Your braking system is comprised of a number of parts. Most people think of the assembly in the context of the pads that apply pressure to the rotor. When you see repair shops advertising "Brake Jobs: $39.99," that is usually what they're focused on - the pads. The truth is, there's far more to the assembly than the pads, calipers, and rotors.
In order for your car's braking fluid to make its way to your calipers, it must be pumped. That's the job of your brake master cylinder (BMC). In this article, I'll briefly describe how this critical component works and explain how you can identify warning signs that it's failing. Then, I'll shed some light on whether you should replace it yourself or have a trained mechanic do it for you.
A Brief Overview Of The System
As mentioned, brake fluid needs to be pumped to your vehicle's front calipers. The fluid begins in the master cylinder, which is located near your braking pedal. When you press the pedal, hydraulic pressure is created within the BMC; that pressure pushes the fluid through the lines. Eventually, it reaches the calipers, which allows the pads to apply pressure against the rotors.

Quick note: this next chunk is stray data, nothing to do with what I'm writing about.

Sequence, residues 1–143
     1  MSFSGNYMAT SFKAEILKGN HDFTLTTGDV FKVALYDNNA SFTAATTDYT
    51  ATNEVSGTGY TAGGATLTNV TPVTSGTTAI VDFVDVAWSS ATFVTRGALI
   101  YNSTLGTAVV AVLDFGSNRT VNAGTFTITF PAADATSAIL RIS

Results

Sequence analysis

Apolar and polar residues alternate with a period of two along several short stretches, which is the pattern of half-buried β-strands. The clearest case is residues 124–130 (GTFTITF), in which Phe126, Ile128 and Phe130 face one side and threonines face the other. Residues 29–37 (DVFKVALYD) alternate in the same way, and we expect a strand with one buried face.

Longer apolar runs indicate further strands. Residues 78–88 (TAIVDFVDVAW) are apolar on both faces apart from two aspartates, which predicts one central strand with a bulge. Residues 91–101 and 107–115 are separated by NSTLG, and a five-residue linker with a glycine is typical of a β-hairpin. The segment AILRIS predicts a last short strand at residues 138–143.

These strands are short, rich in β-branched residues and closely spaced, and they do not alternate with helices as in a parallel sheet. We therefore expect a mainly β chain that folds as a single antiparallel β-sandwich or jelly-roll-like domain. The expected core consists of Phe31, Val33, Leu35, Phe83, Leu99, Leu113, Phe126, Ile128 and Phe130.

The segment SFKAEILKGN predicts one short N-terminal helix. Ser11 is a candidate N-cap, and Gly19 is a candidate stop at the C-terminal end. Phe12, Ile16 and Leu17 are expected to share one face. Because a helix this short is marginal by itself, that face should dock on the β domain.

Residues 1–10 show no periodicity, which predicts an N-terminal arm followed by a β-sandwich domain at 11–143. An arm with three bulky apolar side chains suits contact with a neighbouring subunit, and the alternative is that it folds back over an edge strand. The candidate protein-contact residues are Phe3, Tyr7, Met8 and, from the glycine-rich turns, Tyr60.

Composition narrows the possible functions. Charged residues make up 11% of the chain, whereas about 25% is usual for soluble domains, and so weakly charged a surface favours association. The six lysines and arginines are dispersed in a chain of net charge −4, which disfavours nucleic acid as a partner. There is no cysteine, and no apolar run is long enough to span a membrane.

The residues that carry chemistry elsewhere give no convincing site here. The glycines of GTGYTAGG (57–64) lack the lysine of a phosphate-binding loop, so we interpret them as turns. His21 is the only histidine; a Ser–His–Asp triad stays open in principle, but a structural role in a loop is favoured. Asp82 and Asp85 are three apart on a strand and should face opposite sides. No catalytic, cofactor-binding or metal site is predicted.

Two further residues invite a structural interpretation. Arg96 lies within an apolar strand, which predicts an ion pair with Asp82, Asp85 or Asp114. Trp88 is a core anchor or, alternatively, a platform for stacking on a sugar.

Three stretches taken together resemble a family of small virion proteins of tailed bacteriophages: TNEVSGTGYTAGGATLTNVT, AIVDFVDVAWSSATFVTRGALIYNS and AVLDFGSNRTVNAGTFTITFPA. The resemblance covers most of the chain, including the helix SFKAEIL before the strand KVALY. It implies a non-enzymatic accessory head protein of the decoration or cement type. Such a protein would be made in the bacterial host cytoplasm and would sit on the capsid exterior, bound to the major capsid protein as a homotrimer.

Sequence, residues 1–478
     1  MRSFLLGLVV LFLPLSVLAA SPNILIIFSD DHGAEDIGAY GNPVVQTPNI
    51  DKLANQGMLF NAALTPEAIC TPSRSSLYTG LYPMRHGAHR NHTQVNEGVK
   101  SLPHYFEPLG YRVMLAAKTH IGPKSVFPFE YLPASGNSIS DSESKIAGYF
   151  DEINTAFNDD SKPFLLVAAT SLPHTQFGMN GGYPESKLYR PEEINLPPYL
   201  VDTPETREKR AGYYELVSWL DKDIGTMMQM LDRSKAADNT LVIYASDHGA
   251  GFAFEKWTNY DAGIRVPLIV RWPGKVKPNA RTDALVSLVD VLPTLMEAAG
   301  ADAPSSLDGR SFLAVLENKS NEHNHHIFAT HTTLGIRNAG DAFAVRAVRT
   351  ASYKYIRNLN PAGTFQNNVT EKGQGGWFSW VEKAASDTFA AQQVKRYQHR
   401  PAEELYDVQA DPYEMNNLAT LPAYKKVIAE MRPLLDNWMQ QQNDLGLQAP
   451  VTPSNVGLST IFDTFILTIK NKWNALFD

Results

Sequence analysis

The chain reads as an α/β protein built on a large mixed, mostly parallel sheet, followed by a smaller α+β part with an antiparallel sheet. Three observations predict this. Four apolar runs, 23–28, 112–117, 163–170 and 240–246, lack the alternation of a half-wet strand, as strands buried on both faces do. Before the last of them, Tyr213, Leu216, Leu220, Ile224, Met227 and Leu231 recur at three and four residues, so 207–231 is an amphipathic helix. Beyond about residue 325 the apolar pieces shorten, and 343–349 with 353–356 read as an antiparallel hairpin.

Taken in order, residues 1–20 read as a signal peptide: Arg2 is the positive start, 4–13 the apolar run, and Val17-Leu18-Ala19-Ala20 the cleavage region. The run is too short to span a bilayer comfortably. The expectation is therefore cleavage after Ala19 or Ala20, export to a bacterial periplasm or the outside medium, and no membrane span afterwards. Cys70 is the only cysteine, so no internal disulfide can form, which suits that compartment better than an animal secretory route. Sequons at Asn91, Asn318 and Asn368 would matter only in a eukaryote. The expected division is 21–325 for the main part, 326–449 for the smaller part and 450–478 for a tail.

Even though most people refer to it as one component, the master cylinder is actually separated into two parts. If one part fails, the other part is able to deliver enough fluid to stop your car.
Warning Sign Of A Possible Failure
Brake master cylinders are very dependable and rarely fail. That said, they are susceptible to leaks. If the leak cannot be repaired, the component must be replaced. One of the first signs of a leaking BMC is a "squishy" brake pedal. When you press down on the pedal, you'll notice that it travels further to the floor than normal. That's called "extended travel." It happens because a leak is preventing the master cylinder from producing the pressure needed to push the fluid to the calipers.
If you take your foot off the pedal and immediately press it again, you'll feel a little more pressure, but the problem is not going to correct itself. It's time to have the BMC replaced.
Should You Replace The Component Yourself?
If you own a few rudimentary tools, you'll be able to replace the BMC without the help of a mechanic. That said, it can be a time-consuming job, especially if you have very little experience working under the hood. You'll need to suction out the existing brake fluid, disconnect the sensor that monitors the level, and remove the lines and bolts that hold the component in place. Once the replacement is in, you'll need to bleed the lines.
It's far easier to take your car to a repair shop and ask the mechanics to replace the brake master cylinder for you. You'll pay a little more for the labor, but you'll have the peace of mind of knowing they're performing the job correctly.